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Payne v. Gifford

United States District Court, S.D. Ohio, Western Division

March 10, 2017

C/O NICHOLAS J. GIFFORD, et al., Defendants.

          Barrett, J.


          Stephanie K. Bowman, United States Magistrate Judge

         I. Background

         On June 30, 2016, the undersigned entered an Order and a Report and Recommendation (“R&R”) that recommended the dismissal of claims against one Defendant, while permitting Plaintiff's Eighth Amendment claims to proceed against Defendants Gifford, Dillow, and Tipton. (Doc. 6). Since then, Plaintiff has filed a number of motions. Plaintiff recently filed three more discovery-related motions, as well as a motion seeking to amend/correct his complaint. (Docs. 30, 33, 34, 36). For the following reasons, one of Plaintiff's motions to compel discovery will be granted in part, but his remaining three motions will be denied.

         II. Analysis

         A prior motion by Plaintiff to compel the Defendants to respond to his written discovery requests was denied in a written Order filed on November 21, 2016. (Docs. 24, 29). However, in explaining that the denial was “without prejudice to renew, ” the Order clarified that some of the Defendants' objections to production appeared to be without merit.

[T]the undersigned strongly cautions Defendants that portions of their memoranda in opposition to Plaintiff's motions are not well-taken. For example, Defendants object that Plaintiff's discovery requests are premature because they were served prior to a Case Management Conference under Rule 26(f), Fed.R.Civ.P. However, Rule 26(f) by its terms does not apply to “a proceeding exempted from initial disclosure under Rule 26(a)(1)(B), ” which includes pro se actions brought by persons in custody. Similarly, Local Rule 16.2 state that pro se actions brought by persons in custody are excluded from the general requirements of Rule 16(b), Fed.R.Civ.P. Plaintiff's requests are not premature. This Court entered a calendar order on August 10, 2016 that commenced a period of discovery, with a deadline of May 31, 2017.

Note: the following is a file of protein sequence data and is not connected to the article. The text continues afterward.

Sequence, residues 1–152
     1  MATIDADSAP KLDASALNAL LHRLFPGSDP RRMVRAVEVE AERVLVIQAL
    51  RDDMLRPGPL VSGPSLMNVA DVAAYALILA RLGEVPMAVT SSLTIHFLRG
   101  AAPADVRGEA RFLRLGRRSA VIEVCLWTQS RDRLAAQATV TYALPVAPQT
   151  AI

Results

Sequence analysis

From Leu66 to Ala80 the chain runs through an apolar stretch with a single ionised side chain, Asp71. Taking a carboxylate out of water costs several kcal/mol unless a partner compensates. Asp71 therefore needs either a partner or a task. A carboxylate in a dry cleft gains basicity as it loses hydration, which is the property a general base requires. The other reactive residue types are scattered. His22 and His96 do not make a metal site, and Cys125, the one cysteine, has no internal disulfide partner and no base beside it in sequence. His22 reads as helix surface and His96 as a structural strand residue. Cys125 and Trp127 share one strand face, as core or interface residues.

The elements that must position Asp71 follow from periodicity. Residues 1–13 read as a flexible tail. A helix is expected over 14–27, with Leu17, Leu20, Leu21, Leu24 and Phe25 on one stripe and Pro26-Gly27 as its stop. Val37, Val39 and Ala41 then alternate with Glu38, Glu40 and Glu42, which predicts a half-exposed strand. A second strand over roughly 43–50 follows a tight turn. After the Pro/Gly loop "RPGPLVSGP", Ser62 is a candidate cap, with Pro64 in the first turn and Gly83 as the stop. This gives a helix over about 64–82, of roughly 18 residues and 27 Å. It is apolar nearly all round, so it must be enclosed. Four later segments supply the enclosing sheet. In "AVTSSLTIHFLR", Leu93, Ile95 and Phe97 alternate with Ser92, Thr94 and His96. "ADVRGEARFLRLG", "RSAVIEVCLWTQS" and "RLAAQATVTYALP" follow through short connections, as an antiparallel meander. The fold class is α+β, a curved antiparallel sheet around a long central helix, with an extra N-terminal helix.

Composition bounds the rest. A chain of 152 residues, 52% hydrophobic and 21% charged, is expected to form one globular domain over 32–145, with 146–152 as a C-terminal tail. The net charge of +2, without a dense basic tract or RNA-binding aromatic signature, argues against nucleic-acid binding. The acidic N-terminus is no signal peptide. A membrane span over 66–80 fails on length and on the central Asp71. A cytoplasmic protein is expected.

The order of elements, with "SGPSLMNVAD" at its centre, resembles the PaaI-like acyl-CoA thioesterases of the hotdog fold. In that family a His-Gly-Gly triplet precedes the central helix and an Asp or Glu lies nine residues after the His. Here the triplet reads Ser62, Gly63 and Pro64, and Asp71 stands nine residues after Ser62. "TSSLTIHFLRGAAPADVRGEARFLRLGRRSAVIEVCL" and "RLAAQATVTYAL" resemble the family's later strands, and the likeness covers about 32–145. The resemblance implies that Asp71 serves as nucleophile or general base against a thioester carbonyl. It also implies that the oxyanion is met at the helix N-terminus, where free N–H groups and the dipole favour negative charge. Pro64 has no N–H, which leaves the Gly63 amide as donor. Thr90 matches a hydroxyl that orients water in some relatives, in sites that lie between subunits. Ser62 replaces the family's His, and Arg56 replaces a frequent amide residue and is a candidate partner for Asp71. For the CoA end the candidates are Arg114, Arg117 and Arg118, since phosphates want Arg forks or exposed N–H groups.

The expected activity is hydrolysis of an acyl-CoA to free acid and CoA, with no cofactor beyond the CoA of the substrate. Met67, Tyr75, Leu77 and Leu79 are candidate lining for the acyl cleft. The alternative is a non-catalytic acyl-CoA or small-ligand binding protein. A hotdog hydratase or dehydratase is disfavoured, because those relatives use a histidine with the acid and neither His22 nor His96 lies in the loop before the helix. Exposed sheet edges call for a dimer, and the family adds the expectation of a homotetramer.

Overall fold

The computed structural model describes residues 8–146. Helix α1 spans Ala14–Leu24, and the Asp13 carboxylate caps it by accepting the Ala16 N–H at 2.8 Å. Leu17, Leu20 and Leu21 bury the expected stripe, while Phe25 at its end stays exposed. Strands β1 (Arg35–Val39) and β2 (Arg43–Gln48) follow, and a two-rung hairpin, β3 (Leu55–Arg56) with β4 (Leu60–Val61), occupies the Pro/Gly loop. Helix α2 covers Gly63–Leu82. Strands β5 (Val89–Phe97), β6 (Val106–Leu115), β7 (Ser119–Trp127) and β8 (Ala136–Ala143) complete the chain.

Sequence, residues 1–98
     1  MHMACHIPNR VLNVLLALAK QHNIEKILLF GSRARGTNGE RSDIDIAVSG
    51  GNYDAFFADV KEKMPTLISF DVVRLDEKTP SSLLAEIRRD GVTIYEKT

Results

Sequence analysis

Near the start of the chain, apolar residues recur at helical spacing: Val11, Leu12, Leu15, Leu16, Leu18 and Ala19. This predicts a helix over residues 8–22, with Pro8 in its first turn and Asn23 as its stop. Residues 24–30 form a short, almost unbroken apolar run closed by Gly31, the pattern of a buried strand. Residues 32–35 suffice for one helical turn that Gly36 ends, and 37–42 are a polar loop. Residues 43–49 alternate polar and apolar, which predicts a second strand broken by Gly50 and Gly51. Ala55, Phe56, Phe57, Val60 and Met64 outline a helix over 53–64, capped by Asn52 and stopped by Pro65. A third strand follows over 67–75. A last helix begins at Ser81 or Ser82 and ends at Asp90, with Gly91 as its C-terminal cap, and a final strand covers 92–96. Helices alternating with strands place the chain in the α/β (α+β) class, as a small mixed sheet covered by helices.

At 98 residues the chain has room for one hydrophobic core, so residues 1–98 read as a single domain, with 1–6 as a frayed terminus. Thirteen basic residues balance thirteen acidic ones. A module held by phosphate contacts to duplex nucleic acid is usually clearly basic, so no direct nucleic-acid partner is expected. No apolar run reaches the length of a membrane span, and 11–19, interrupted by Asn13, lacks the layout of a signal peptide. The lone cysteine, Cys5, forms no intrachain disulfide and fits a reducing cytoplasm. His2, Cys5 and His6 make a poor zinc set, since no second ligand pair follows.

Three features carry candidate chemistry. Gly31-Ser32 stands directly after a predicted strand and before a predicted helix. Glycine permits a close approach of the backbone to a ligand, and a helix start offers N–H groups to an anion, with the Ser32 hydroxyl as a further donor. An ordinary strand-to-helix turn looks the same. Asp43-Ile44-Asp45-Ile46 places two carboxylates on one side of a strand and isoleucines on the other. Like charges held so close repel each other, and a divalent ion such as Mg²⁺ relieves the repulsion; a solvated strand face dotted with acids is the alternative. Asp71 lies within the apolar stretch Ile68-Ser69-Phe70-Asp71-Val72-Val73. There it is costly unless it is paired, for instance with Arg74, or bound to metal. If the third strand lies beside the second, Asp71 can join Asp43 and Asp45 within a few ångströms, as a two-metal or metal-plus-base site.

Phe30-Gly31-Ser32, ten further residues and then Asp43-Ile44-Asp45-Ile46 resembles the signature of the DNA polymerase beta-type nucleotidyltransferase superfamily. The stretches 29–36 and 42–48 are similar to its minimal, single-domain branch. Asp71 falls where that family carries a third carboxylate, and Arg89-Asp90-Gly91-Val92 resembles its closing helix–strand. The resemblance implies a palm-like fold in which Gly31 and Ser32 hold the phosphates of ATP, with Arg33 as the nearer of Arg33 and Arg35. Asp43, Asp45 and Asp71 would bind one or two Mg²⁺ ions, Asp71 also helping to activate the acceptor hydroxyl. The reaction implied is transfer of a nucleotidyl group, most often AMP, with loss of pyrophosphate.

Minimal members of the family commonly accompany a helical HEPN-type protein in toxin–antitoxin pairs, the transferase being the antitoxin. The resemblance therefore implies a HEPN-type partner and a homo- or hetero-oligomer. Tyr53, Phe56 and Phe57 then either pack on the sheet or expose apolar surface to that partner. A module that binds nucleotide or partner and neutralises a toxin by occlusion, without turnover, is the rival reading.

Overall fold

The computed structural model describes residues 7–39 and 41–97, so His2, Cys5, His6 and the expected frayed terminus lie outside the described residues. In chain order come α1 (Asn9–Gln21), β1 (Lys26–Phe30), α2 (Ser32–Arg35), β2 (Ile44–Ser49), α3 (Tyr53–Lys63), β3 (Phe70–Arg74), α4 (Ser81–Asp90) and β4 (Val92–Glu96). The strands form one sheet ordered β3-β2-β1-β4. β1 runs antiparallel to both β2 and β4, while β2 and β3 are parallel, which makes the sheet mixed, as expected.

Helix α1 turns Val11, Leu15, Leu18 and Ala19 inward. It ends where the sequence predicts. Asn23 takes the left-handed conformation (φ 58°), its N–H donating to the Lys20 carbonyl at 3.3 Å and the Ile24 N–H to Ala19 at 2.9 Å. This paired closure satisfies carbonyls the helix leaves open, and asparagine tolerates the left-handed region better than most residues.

In addition, Defendants suggest that they have not responded to discovery directed to Nurse Tipton, because she no longer works for ODRC, and counsel similarly represents that Defendant Gifford is out on medical leave with no known date of expected return. However, those facts do not excuse defense counsel from responding to written discovery requests directed to his clients. Defense counsel entered his appearance and filed an Answer on behalf of all three Defendants on August 9, 2016. The Court presumes counsel retains the ability to contact his clients at their last known addresses for purposes of timely responding to outstanding discovery requests, or to seek an extension of time if needed to do so. Currently, the responses to Plaintiff's written discovery requests appear to be overdue. The undersigned declines to compel Defendants to respond, based on the Court's presumption that counsel will continue to work to fulfill his obligation (and that of his clients) to respond to outstanding requests as soon as practicable, and to communicate with Plaintiff his progress in that regard.